1. Pre-Workout: eating before workouts helps top off energy stores, which can boost endurance and prevent bonking. Aim for around 45-60g of carbs, and this would be the time for the simple carb sources! For example, two toaster waffles with maple syrup. If you aren't used to eating before runs, start small (such as a glass of orange juice). Either way, you should ALWAYS eat before workouts!

  2. Post-Workout: your body is the most efficient at replenishing muscle glycogen within 1-2 hours of your workout. If you're able to have a meal in that time frame, that is usually preferred (whole foods first!). But if not, recovery shakes WITH carbs (not just protein powder) is ideal. This well help boost recovery so you can bounce back faster! Some examples include scrambled eggs with toast, a smoothie made with Greek yogurt and frozen fruit, or a recovery shake like Skratch Labs Recovery or Momentous RedShift.

  3. During the day: this is when those complex carbs come in! Get a wide variety of complex carbohydrates during the day to not only help you meet your carb needs, but also to make sure you're getting enough nutrients like B vitamins, iron, magnesium, and fiber!

What about the research that says low carb diets help endurance athletes?

During exercise, you are always burning a mix of carbohydrates and fat. It is true that some studies have shown a low carb, high fat diet can make you more efficient at using fat for energy in endurance events (we're talking ultra marathon distances). However, this increase is very small and is not enough to compensate for the decrease in exercise economy due to low carbohydrate availability.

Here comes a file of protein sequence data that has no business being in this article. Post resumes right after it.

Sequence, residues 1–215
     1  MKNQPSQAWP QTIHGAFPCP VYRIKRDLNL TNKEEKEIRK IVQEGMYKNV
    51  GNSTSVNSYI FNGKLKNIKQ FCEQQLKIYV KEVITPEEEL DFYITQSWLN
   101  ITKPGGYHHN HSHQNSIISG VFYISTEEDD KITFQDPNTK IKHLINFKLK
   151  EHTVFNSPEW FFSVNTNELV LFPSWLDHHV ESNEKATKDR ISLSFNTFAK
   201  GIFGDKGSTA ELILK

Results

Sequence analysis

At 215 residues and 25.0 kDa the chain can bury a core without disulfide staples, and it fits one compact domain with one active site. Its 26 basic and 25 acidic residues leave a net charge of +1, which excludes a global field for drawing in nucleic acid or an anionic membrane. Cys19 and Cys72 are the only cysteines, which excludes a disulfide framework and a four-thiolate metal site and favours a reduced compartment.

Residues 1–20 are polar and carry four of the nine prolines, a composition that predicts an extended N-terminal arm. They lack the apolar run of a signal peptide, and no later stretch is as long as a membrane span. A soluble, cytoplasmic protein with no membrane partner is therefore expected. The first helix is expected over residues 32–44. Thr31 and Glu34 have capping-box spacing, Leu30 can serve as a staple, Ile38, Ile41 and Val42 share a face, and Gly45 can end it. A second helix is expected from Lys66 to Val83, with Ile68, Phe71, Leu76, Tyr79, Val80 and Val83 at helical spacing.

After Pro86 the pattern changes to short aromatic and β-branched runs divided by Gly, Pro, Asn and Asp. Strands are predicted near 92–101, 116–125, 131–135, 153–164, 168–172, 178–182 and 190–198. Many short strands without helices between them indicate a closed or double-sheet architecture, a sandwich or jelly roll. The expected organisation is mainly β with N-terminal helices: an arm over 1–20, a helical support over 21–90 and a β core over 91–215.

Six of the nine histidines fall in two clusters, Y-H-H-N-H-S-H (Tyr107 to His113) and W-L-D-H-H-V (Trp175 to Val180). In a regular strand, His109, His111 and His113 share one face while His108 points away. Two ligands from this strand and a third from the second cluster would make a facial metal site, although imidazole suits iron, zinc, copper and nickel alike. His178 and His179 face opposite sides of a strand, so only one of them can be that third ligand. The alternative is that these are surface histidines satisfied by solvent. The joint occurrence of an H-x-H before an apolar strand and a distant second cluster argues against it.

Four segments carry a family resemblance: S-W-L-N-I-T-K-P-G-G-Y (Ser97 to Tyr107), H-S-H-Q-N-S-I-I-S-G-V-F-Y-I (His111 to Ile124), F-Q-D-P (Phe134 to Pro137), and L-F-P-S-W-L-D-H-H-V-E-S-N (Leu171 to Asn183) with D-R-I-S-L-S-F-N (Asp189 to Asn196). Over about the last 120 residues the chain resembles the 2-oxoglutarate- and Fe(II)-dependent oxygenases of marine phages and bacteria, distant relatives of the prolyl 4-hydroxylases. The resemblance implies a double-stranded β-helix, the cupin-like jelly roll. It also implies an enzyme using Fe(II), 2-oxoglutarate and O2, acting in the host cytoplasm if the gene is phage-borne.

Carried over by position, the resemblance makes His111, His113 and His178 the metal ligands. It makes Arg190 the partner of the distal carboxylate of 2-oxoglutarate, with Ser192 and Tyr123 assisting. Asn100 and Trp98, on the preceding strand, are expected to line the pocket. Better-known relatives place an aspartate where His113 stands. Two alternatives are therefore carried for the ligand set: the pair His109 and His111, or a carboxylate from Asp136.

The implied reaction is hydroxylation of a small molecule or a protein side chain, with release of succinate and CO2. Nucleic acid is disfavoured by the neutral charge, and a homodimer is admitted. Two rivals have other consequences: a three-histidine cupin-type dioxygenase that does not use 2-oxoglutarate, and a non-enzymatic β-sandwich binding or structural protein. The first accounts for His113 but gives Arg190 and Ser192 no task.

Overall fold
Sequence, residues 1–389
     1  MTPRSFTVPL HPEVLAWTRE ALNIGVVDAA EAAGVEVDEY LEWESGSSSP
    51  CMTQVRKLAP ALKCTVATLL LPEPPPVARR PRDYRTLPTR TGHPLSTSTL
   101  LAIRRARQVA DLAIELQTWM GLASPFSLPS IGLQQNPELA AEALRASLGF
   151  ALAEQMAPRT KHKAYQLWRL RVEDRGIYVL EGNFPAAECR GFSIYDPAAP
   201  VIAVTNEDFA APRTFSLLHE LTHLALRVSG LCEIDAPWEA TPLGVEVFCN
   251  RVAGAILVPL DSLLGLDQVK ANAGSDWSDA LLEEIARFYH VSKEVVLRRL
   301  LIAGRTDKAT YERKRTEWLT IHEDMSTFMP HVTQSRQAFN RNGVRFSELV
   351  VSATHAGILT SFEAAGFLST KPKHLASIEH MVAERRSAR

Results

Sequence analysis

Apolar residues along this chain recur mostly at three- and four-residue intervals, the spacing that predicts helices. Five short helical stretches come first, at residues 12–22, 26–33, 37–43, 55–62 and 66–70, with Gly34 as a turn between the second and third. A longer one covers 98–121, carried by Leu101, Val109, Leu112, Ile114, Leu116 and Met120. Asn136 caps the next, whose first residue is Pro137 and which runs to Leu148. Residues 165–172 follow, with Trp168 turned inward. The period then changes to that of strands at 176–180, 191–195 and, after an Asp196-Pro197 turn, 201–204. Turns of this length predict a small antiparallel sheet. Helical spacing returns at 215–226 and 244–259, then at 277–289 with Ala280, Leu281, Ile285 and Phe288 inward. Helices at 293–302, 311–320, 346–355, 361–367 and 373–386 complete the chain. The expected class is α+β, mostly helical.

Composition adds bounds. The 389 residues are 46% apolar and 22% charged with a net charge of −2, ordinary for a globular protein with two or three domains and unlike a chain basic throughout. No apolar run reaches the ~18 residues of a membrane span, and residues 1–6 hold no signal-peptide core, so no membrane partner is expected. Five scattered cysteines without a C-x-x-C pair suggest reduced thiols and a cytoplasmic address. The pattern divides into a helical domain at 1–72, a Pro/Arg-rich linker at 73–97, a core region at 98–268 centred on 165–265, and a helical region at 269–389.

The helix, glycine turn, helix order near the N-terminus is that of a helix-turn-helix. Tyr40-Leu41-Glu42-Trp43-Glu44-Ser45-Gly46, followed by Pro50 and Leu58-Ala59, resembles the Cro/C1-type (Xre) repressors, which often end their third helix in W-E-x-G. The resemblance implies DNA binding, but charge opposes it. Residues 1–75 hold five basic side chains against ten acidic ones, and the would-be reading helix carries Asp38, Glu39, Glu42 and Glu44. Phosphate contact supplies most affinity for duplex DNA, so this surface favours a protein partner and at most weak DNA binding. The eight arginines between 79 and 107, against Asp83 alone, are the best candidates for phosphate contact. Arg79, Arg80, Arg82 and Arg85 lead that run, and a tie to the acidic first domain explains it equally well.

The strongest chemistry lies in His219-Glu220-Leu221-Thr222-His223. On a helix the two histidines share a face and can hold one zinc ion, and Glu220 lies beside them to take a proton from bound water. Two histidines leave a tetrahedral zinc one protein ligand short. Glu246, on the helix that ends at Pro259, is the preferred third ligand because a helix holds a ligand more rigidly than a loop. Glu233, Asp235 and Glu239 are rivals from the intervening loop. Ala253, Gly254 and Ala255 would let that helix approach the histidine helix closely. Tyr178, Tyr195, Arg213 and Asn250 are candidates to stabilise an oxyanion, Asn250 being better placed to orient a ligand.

Further, there is a very large body of research that has shown training and competing with high carbohydrate availability does increase performance, while studies done on low carbohydrate availability are most mixed/inconclusive or have shown no effect on performance.


For anyone interested, here is a great review article summarizing some of the current research:


Bailey-Hennessy2020_Article_AReviewOfThe
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Download • 543KB

Hopefully this has helped debunk some of the misinformation you've heard about carbs and that I've convinced you that as an athlete, you need carbs! This information is all based on research done on athletes, and one thing is for sure: inadequate carb intake negatively impacts performance. So eat the whole banana, use a burger bun, and have more than 2 pieces of bread in a day. Your body will thank you, and you will see the results in your performance!


Have more questions about how to incorporate this advice into your own fueling strategy? Fill out a contact form on my website to see if we can work together to find the best approach for you!